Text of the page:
mercy

euthanasia

[yoo-thuh-ney-zhuh, -zhee-uh, -zee-uh]
or mercy killing

Painless killing of a person who has a painful, incurable disease or incapacitating disorder. Most legal systems consider it murder, though in many jurisdictions a physician may lawfully decide not to prolong the patient's life or may give drugs to relieve pain even if they shorten the patient's life. Associations promoting legal euthanasia exist in many countries. The legalization movement has gained ground with advancing medical technology, which has been used to prolong the lives of patients who are enduring extreme suffering or who are comatose or unable to communicate their wishes. Euthanasia was legalized in The Netherlands in 2001 and in Belgium in 2002. In 1997 Oregon became the first state in the U.S. to decriminalize physician-assisted suicide.

Learn more about euthanasia with a free trial on Britannica.com.

orig. Mercy Otis

(born Sept. 25, 1728, Barnstable, Mass.—died Oct. 19, 1814, Plymouth, Mass., U.S.) U.S. poet, dramatist, and historian. The sister of James Otis, she received no formal education but nevertheless became a woman of letters and a friend and correspondent of leading political figures. She commented on the issues of the day in political satires, plays, and pamphlets. Though a defender of the American Revolution, she opposed the Constitution, arguing that power should rest with the states. Her most significant work, History of the Rise, Progress, and Termination of the American Revolution (3 vol., 1805), covered the period from 1765 to 1800.

Learn more about Warren, Mercy Otis with a free trial on Britannica.com.

orig. Mercy Otis

(born Sept. 25, 1728, Barnstable, Mass.—died Oct. 19, 1814, Plymouth, Mass., U.S.) U.S. poet, dramatist, and historian. The sister of James Otis, she received no formal education but nevertheless became a woman of letters and a friend and correspondent of leading political figures. She commented on the issues of the day in political satires, plays, and pamphlets. Though a defender of the American Revolution, she opposed the Constitution, arguing that power should rest with the states. Her most significant work, History of the Rise, Progress, and Termination of the American Revolution (3 vol., 1805), covered the period from 1765 to 1800.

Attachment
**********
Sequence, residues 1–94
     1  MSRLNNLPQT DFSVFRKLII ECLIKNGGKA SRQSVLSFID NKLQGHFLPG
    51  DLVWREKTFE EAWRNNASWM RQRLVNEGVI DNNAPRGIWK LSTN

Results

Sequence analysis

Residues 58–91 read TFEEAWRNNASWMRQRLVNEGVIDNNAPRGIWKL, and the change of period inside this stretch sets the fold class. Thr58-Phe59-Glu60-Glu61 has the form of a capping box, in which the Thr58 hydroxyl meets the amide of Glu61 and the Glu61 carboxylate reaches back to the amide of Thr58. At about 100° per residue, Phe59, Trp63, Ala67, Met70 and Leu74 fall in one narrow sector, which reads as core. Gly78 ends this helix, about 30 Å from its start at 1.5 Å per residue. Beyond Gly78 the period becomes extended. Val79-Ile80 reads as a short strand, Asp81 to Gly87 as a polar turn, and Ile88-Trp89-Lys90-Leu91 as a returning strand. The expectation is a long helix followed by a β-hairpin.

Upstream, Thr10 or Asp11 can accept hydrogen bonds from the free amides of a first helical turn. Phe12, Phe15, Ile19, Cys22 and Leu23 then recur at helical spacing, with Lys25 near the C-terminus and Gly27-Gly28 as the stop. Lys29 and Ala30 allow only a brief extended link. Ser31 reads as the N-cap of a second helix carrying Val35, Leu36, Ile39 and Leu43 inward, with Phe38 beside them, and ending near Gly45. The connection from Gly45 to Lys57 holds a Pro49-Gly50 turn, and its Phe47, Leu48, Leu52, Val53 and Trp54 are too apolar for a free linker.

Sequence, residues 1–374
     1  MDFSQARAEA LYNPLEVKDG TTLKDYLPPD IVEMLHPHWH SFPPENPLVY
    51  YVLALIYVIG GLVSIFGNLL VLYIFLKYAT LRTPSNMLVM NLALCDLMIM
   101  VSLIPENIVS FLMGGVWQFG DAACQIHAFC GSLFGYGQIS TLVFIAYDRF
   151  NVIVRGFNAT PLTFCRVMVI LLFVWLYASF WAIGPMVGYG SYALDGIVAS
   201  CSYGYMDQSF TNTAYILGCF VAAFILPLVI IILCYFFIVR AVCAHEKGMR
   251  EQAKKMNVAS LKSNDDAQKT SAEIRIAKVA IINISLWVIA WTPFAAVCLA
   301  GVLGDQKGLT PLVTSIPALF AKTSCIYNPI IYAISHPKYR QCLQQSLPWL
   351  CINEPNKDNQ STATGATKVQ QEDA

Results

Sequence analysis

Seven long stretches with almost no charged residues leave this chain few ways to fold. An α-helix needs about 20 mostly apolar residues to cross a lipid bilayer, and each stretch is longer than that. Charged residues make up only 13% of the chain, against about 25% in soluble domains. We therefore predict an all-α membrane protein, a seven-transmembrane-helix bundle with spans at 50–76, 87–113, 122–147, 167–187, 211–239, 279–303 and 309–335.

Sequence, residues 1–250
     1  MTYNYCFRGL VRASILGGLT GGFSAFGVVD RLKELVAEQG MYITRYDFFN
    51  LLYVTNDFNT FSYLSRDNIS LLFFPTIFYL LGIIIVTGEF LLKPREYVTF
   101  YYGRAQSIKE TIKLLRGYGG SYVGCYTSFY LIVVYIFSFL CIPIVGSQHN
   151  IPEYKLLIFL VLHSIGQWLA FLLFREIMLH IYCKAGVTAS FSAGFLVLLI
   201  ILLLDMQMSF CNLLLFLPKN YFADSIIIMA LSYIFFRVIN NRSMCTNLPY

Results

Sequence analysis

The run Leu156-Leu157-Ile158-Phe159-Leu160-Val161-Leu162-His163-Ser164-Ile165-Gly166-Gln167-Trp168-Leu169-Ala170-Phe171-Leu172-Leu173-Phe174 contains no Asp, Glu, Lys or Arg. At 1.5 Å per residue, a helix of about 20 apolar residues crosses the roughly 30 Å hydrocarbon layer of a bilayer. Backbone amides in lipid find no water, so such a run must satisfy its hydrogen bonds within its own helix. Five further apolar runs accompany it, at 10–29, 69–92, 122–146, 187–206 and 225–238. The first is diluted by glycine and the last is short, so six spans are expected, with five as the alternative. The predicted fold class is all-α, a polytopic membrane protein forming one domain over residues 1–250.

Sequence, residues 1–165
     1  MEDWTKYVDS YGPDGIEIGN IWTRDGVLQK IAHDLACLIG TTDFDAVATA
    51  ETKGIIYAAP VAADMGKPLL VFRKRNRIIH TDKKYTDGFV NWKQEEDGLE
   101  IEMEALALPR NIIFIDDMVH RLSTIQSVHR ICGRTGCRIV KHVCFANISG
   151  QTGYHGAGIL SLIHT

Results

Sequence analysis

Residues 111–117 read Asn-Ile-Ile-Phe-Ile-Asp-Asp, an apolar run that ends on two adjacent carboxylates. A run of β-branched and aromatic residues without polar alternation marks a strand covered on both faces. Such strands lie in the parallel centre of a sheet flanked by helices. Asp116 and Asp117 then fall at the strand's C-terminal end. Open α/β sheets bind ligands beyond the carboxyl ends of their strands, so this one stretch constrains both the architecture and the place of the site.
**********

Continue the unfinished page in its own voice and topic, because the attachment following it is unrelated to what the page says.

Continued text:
Learn more about Warren, Mercy Otis with a free trial on Britannica.com.

Mercy (Middle English, from Anglo-French merci, from Medieval Latin merced-, merces, from Latin, "price paid, wages", from merc-, merx "merchandise") can refer both to compassionate behaviour on the part of those in power (e.g. mercy shown by a judge toward a convict) or on the part of a humanitarian third party (e.g. a mission of mercy aiming to treat war victims). Mercy is a term used to describe the leniency compassion shown by one person to another, or a request from one person to another to be shown such leniency or unwarranted compassion for a crime or wrongdoing. One of the basic virtues of chivalry, Christian ethics, Judaism, and Islam, it is also related to concepts of justice and morality in behaviour between people. In India, compassion is known as karuna.

In a legal sense, a defendant having been found guilty of a capital crime may ask for clemency from being executed.

To be "mercy", the behavior generally can not be compelled by outside forces. (A famous literary example is from The Merchant of Venice when Portia asks Shylock to show mercy. He asks, On what compulsion, must I? She responds The quality of mercy is not strained.)

A number of organizations (e.g. the Mercy Corps, the Sisters of Mercy, Mercyful Fate and the Temple of Mercy and Charity) use the word "mercy" in their name to describe their work.

References

  • Ralf van Bühren: Die Werke der Barmherzigkeit in der Kunst des 12.–18. Jahrhunderts. Zum Wandel eines Bildmotivs vor dem Hintergrund neuzeitlicher Rhetorikrezeption (Studien zur Kunstgeschichte, vol. 115), Hildesheim / Zürich / New York: Verlag Georg Olms 1998. ISBN 3-487-10319-2
  • Sterling Harwood, "Is Mercy Inherently Unjust?," in Michael J. Gorr and Sterling Harwood, eds., Crime and Punishment: Philosophic Explorations (Belmont, CA: Wadsworth Publishing Co., 2000, formerly Boston, MA: Jones and Bartlett Publishers, 1996), pp. 464-470.
  • Jeffrie G. Murphy, "Mercy and Legal Justice," in Michael J. Gorr and Sterling Harwood, eds., Crime and Punishment: Philosophic Explorations (Belmont, CA: Wadsworth Publishing Co., 2000, formerly Boston, MA: Jones and Bartlett Publishers, 1996), pp. 454-463.
  • Lampert, K.(2005); Traditions of Compassion: From Religious Duty to Social Activism. Palgrave-Macmillan
  • Witt, David (2008); "Mercy"

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